Hershel Burgess was known to occasionally sit under an oak tree in Bryan, sipping whiskey among friends. Today, the new Stella Hotel’s cozy bar that bears his name stands near that very spot.
Spencer Clements, principal of the ATLAS development at the Traditions Club, said Hershel’s was designed to be a reflection of the class of 1929 A&M graduate who once owned the land on which the hotel and many of the surrounding properties now stand.
Permeated by a distinctly rustic feel, Hershel’s is filled with antique decor, purposely mismatched furniture and a carefully detailed dark wood bar. Two walls of floor-to-ceiling windows, flanking opposite sides of the room, create an openness to the bar, and bring in natural light during the day.
Scattered among the decorations are black-and-white photos of Burgess, including portraits from his time as an Aggie football player and during his service in the military.
Burgess’ grandson, Jim Cashion, said he believes the man he knew would have been honored by the recognition.
“My grandfather was a high achiever, but he was a minimalist,” said Cashion, who bears the middle name of Hershel after his grandfather. “He’d rather sit under an oak tree and visit with his friends rather than be in a banquet hall. I think he would appreciate it very much.”
Burgess came to the area as a teenager, enrolling in the then-all-military Allen Academy with a track scholarship. He first met legendary A&M football coach Dana X. Bible while hitchhiking back to town from a state track meet in Austin — an encounter that Cashion said ultimately swayed Burgess to attend the college.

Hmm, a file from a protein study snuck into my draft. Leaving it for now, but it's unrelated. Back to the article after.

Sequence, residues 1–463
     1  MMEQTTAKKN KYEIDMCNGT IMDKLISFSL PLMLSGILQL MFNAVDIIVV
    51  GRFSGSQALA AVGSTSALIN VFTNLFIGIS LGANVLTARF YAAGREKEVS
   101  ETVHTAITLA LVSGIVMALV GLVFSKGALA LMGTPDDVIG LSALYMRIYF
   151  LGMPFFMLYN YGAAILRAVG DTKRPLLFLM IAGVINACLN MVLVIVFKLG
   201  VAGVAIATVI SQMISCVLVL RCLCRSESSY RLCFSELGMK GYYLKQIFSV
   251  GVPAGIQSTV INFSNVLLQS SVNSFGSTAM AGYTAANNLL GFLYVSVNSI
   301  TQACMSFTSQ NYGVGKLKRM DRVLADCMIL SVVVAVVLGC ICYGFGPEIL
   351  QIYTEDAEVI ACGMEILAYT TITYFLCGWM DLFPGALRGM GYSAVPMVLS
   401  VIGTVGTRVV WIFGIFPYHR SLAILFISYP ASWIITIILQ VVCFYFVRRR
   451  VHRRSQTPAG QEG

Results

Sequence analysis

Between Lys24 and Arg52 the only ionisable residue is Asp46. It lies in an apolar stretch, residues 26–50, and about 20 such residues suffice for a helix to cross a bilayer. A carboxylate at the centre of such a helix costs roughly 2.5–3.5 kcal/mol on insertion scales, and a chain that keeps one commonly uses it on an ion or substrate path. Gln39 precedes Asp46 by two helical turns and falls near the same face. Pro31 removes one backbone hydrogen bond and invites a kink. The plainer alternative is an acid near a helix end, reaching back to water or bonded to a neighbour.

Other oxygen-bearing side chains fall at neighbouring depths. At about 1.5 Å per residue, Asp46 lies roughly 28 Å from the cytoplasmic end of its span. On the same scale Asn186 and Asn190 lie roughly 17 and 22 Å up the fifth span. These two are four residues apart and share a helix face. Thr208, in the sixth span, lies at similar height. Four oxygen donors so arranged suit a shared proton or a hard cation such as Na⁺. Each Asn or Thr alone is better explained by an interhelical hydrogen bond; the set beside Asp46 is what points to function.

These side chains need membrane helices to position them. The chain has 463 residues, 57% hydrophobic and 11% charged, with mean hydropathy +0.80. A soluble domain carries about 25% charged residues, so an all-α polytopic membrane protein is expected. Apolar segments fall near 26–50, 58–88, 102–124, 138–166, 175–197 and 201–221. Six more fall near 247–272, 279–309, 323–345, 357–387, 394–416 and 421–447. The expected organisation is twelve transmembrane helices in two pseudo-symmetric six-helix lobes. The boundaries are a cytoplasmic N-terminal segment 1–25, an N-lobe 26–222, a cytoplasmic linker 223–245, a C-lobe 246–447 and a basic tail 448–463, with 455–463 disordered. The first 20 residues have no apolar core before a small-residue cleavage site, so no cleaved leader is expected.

Burgess played running back during A&M’s undefeated 1927 season and was named an All-Southwest Conference fullback in 1928. He also found love in his time at A&M, marrying Ethyl Walton — daughter of A&M president Thomas Otto Walton — in October 1930.
His legacy extends beyond his accomplishments at Kyle Field. Cashion said his grandfather was an active member of the A&M community after graduation, starting what would eventually become the Lettermen’s Association’s Annual Burgess Banquet, which serves as A&M’s Hall of Fame induction ceremony. He also helped to develop the budding real estate of College Station decades ago.
“He was a lover of Texas A&M and an Aggie of the Old Army school,” Cashion said. “Like the cliché goes, he bled maroon.”
Burgess’ family tree extended to include another famous Aggie: Red Cashion, now a retired NFL official and Texas Sports Hall of Fame member, married Burgess’ daughter Lou in 1952. The two met and fell in love on campus while Hershel Burgess was serving in the Army during World War II. They eventually had four children, Jim Cashion and his sisters Sharon Cashion, Joyce Cain and Shelley White.
Clements said he hopes the bar will serve as a comfortable space for visitors of the hotel, an eclectic living room filled with items that look like they’ve been there for decades.
The space is open to patrons looking for a nice, quiet place to sit and talk by day, Clements said, but comes alive at night.
“The music comes up, the lights go down, the bartenders appear and it becomes a really cool crafted cocktail lounge with a good old-fashioned bar and somebody behind it that really knows their craft,” Clements said.
“This is our way of paying respect to the Burgess and Cashion family, and letting the world know that this wasn’t always a hotel. It was someone’s homestead and this land has meaning to people.”